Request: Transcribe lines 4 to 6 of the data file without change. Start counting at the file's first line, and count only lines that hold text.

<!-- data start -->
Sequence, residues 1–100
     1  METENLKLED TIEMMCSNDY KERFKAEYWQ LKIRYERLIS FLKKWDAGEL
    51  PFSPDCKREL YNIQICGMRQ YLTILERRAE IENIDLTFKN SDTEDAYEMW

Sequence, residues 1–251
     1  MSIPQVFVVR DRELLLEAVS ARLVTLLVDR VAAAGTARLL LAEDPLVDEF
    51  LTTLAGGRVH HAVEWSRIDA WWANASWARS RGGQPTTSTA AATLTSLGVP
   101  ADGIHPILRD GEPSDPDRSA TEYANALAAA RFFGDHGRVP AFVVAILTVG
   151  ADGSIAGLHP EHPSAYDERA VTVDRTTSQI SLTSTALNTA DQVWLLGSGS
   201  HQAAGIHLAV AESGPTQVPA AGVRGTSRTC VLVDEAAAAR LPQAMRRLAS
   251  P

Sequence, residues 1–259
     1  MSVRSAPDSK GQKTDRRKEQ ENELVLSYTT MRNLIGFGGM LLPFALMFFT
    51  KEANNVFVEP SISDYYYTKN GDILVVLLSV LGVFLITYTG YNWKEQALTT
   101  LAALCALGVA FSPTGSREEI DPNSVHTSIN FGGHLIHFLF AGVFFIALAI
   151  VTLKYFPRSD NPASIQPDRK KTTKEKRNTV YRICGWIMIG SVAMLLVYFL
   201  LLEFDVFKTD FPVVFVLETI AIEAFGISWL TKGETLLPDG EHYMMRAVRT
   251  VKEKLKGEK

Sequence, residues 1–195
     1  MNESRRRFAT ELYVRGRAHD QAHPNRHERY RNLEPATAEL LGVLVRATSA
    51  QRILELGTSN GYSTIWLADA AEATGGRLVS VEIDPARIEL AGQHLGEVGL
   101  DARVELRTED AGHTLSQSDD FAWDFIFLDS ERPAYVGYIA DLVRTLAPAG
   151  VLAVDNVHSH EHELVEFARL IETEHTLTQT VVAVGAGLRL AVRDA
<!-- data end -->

Sequence, residues 1–251
     1  MSIPQVFVVR DRELLLEAVS ARLVTLLVDR VAAAGTARLL LAEDPLVDEF
    51  LTTLAGGRVH HAVEWSRIDA WWANASWARS RGGQPTTSTA AATLTSLGVP